These salaried workers are now eligible for overtime pay

U.S. President Joe Biden gestures while speaking at a reproductive freedom event at Hillsborough Community College on April 23, 2024 in Tampa, Florida.

The Biden administration has introduced a significant regulation to extend overtime pay eligibility to a larger number of salaried employees in the U.S. 

This development represents the most substantial expansion of federal overtime provisions in many years. 

New rule details

The rule mandates that salaried employees in specific executive, administrative, and professional positions earning under $43,888 annually must receive overtime pay from July 1, as stated by the Labor Department on Tuesday. This threshold is set to increase to $58,656 by early 2025.

"Too often, lower-paid salaried workers are doing the same job as their hourly counterparts but are spending more time away from their families for no additional pay. That is unacceptable," acting Secretary of Labor Julie Su said in a prepared statement.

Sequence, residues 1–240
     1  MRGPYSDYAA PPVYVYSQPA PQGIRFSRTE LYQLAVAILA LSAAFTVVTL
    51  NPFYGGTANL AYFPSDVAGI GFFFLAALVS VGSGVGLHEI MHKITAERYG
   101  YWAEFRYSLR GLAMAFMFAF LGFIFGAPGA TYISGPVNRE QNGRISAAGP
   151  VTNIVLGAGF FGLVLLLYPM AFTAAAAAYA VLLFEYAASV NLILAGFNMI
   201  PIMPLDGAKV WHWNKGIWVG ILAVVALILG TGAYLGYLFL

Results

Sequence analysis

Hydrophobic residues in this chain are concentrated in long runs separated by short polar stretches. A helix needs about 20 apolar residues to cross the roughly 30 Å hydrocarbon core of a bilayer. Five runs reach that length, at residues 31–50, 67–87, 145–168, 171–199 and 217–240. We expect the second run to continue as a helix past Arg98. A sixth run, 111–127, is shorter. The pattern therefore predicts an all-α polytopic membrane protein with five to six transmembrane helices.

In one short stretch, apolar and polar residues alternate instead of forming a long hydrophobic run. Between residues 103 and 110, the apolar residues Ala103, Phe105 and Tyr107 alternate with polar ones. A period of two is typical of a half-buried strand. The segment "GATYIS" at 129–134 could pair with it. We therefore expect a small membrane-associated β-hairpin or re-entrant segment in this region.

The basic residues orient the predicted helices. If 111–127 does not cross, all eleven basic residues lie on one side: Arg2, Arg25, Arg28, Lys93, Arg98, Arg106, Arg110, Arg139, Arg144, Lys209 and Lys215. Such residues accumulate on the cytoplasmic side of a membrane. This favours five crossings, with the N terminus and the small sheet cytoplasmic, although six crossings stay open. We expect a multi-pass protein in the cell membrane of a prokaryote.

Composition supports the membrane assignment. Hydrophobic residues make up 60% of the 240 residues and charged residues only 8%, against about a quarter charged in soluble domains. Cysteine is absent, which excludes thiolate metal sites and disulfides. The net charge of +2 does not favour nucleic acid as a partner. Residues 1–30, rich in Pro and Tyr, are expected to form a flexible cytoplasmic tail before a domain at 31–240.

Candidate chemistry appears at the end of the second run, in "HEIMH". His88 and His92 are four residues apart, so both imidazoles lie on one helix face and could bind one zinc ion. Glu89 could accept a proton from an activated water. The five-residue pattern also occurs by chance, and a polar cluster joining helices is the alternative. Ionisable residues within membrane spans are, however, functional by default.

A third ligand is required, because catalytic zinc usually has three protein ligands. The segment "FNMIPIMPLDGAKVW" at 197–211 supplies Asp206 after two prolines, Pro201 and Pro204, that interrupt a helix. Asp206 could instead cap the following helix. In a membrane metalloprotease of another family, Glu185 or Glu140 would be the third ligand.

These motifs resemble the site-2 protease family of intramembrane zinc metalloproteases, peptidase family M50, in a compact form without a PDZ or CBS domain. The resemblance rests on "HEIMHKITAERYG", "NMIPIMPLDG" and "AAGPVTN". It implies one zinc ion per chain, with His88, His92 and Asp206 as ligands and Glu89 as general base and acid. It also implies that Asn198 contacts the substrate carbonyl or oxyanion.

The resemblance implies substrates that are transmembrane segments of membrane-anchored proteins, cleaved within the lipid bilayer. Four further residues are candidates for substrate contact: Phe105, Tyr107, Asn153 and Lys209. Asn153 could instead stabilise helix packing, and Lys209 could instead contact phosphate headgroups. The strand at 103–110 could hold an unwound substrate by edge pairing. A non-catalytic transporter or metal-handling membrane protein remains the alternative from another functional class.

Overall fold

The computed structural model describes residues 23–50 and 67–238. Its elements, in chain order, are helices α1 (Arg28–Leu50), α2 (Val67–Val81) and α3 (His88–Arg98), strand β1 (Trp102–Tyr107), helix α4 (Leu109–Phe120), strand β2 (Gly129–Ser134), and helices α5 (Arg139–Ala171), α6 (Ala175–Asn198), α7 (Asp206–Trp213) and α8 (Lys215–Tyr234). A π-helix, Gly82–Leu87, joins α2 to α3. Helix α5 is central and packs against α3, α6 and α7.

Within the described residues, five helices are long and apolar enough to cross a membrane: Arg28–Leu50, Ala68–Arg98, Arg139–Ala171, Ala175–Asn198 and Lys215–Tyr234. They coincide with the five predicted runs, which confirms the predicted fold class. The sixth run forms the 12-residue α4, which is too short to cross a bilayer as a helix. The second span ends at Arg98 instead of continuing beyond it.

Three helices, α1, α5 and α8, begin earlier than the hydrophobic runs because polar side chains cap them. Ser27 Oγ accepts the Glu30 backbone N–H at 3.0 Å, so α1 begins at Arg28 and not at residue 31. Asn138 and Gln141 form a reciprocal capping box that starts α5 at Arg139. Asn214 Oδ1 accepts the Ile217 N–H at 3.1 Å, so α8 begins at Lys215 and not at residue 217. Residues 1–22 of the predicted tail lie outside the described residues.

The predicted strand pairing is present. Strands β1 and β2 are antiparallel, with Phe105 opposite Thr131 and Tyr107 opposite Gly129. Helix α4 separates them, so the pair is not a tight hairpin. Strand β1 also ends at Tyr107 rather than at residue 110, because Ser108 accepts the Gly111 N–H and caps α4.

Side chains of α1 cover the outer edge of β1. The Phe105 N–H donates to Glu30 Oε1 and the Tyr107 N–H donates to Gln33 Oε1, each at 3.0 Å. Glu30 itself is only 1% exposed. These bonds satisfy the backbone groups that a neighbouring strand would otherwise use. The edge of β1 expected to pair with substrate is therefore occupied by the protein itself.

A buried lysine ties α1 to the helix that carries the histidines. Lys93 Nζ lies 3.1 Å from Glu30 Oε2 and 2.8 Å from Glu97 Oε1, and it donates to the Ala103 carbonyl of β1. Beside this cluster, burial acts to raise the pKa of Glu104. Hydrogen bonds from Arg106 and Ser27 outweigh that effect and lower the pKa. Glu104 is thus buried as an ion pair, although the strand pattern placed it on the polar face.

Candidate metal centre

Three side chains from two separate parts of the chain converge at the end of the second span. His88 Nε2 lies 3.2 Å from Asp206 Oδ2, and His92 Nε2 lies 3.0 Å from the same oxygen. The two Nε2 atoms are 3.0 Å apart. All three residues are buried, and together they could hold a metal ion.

The newly established regulation dramatically raises the bar from the existing overtime pay eligibility limit of $35,568, a figure instituted in 2019 during the Trump administration. 

This adjustment comes after a more ambitious attempt during the Obama administration was blocked in court three years prior, following opposition from various business figures and Republican lawmakers.

Legal framework for overtime

According to U.S. federal law, almost all hourly employees are entitled to overtime compensation after 40 work hours per week. However, this requirement does not cover many salaried employees unless their earnings fall below a specified amount.

The latest adjustments broaden overtime pay eligibility to include more highly compensated employees. A Labor Department FAQ indicates that these workers' current annual salary cap, set at $107,432, will rise to $132,964 on July 1 and further increase to $151,164 by the beginning of 2025.

Projections for expanded eligibility

The Labor Department projects that approximately 4 million salaried employees, presently exempt due to their lower wages, will qualify for overtime protection in the rule's first year. Additionally, around 292,900 employees with higher compensation are anticipated to gain overtime benefits.

The July 1 modifications adjust existing salary thresholds using a methodology established by the Trump administration’s 2019 regulations. According to the Labor Department, this approach will officially start on Jan. 1, with planned updates to the salary thresholds every three years based on recent wage data.

This story was reported from Los Angeles. The Associated Press contributed.